Wednesday, October 02, 2013

So, This Is Interesting, Like Deboning a Live Animal Is Interesting.

This is from Robert Costa, who is doing surprisingly good work over at NRO. 
A clean CR has never been an option. Peter King of New York and his allies may want one, but the leadership privately believes it’d almost certainly raise tensions within the ranks and cripple their negotiating position.
Instead, the leadership is digging in for an extended impasse with Senate Democrats. Based on my latest conversations with insiders, their plan isn’t to eventually whip Republicans toward a clean CR and back down after a few days of messaging the shutdown, as some have believed; it’s to keep fighting, and, in the process, preserve the House GOP’s fragile unity — and maybe, if they’re lucky, win a concession from Senate majority leader Harry Reid.But that unity, more than anything, is critical for Boehner, especially as the debt limit nears. Per his allies, his fear is, if he brings up a clean CR, he’d be seen as conceding to Reid, who’s seen as the villain of villains within the House GOP. Thirty to forty conservatives would likely revolt against such a maneuver, and so would their backers in the conservative movement. In the press, he’d likely be cheered for a profile in courage; within the House, the decision would be seen by his critics on the right as a betrayal of the highest order. There is nothing they detest more than the idea of caving, and Boehner knows that.Now, Boehner is aware that, on paper, potentially more than 100 House Republicans would be open to a clean CR should he bring one to the floor. But the internal chaos such a move could cause could be devastating, and with a major debt-limit battle approaching, he won’t let a CR vote divide his conference. That’s also why, on Monday, he took to the floor to personally whip the rule vote for his final CR proposal. He wanted to make sure King wasn’t creating a stir with his clean-CR pitch, and he wanted to remind members that sticking together was the key to surviving a showdown.Pushing back against Reid and forcing him to cut a deal is another leadership objective. Behind the scenes, they’re irritated by his daily killing of anything the House passes and are eager to make sure he shares some of the political pain from the shutdown. There’s no rush to give him what he wants. Besides, many House Republicans believe Senate Democrats are only hanging with Reid on every vote because he has assured them the House GOP will break, and they think if they can incrementally put pressure on Reid’s conference, his grip could be weakened.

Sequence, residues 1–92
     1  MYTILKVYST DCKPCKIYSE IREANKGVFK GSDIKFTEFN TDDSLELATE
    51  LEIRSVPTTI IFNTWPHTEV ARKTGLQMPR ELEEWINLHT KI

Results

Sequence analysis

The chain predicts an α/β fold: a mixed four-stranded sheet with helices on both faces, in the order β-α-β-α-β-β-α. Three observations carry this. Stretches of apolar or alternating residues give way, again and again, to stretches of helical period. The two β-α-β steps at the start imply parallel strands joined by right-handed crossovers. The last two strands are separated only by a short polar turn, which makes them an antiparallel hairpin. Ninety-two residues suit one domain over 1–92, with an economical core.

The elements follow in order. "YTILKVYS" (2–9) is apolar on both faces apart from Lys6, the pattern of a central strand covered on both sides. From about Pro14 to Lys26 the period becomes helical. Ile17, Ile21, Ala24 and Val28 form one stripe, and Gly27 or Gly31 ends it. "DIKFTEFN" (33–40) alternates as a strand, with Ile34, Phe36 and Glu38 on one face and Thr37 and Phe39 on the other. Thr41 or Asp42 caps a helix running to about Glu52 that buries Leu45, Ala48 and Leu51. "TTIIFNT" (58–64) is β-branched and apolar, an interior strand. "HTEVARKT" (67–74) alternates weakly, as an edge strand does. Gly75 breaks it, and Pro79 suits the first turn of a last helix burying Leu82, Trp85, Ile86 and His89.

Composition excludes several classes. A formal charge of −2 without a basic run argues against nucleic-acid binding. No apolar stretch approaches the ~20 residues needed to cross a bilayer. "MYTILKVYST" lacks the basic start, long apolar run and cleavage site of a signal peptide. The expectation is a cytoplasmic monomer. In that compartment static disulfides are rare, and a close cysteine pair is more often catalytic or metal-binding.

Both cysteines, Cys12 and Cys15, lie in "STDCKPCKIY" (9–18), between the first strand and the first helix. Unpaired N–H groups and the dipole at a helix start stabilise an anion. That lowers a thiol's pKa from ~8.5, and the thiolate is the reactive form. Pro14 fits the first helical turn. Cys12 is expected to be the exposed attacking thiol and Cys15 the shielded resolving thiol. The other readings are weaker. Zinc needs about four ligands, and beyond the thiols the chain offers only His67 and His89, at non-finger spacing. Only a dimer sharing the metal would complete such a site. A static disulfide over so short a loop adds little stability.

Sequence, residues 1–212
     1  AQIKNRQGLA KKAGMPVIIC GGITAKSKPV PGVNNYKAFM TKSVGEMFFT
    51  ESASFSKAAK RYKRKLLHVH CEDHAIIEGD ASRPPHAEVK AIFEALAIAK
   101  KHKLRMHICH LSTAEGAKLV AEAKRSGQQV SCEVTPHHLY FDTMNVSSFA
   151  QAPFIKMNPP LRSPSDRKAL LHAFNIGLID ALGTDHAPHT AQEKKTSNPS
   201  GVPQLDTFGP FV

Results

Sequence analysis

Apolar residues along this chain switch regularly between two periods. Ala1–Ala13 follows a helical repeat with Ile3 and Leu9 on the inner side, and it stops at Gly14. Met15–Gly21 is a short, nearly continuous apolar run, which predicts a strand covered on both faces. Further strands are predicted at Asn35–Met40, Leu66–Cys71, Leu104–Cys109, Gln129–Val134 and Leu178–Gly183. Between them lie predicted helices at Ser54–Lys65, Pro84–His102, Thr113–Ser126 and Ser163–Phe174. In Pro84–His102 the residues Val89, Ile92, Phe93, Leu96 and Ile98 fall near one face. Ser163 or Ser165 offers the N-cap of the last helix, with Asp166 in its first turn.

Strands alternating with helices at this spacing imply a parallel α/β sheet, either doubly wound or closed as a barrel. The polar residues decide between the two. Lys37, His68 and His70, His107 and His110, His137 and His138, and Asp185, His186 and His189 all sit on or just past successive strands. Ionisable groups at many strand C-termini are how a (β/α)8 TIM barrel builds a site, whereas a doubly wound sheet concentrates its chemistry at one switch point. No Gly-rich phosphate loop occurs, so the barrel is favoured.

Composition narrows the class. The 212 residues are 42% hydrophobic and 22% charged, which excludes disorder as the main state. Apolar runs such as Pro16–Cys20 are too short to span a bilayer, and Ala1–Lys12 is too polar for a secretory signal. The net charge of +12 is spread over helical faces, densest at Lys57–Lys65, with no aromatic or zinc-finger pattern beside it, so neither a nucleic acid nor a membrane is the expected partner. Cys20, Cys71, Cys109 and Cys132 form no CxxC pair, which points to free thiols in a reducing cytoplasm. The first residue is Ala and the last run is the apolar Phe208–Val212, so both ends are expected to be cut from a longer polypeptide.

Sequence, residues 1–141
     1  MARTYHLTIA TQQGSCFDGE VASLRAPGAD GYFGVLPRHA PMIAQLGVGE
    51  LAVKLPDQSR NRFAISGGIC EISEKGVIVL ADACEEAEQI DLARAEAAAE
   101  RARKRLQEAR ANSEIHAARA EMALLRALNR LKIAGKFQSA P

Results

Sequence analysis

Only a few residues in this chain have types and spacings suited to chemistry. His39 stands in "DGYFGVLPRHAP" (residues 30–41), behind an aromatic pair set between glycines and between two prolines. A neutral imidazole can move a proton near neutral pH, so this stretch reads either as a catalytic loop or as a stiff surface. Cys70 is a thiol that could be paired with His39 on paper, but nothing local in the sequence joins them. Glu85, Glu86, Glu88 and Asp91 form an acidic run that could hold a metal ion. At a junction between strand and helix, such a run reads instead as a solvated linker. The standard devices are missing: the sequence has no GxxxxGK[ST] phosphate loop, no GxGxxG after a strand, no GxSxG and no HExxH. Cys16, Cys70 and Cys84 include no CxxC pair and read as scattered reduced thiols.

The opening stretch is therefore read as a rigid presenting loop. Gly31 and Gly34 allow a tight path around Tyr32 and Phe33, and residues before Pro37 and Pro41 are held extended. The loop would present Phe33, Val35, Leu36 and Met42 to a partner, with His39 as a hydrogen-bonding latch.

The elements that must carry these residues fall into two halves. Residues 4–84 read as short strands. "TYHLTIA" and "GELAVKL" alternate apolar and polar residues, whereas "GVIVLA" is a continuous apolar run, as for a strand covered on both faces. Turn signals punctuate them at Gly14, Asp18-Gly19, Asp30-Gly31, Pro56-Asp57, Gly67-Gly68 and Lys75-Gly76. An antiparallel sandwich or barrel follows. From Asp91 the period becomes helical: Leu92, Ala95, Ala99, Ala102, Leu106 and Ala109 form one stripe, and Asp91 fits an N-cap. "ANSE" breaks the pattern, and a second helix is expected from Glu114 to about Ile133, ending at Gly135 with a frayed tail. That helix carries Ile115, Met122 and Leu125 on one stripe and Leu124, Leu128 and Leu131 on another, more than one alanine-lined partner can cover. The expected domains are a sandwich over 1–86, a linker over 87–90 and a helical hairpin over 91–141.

What is interesting to me are the underlying assumptions--Boehner "has to keep" his caucus happy because of the Republican insistence on the "Hastert Rule" (I put it in quotes not because I have a bunch of them lying around but because, of course, the Rule is not a rule but a wish, a hope, and a curse.  He can't pass anything righteously, in his caucus's eyes, if the Democrats would sign on to it in any significant numbers because if they were to approve the actual bill that would be a sign to his caucus that the bill was too soft, or a trick of Obama's Jedi powers. Also, as an aside, it all comes down to the personal--not the professional. They hated Nancy Pelosi, and now they hate Reid? He's a "villain" in their eyes? One of the softest spoken and most anodyne of public figures, a man so forgettable  that when he comes into a room people say "who left?"  When the routine functions of government become some kind of mythic war of good against evil--look out. All bets are off. The Republican cloak room must be some kind of crazy soviet hive of rage, spite, fear, and backstabbing as each of these swaggering lickspittles tries to gain a little foothold accusing the others of not being truly devoted to the cause.

In addition Costa takes for granted, because the Republican party does, that it has a legitimate need to hold a fight over the debt ceiling.  They are treating the debt ceiling like it is a normal part of the budgeting process, part of the annual round of funding, rather than the part of the script where you sign your credit card reciept before leaving the restaurant.  This has, of course, been observed many times before but it bears repeating--their world bears no resemblance to our earth world. In the real world the 14th amendment ought to bar them from refusing to raise the debt limit because to do so is to say that the previous congress (which many of them were in) did not lawfully appropriate the money which we now owe or that they are repudiating the payment of our just debts.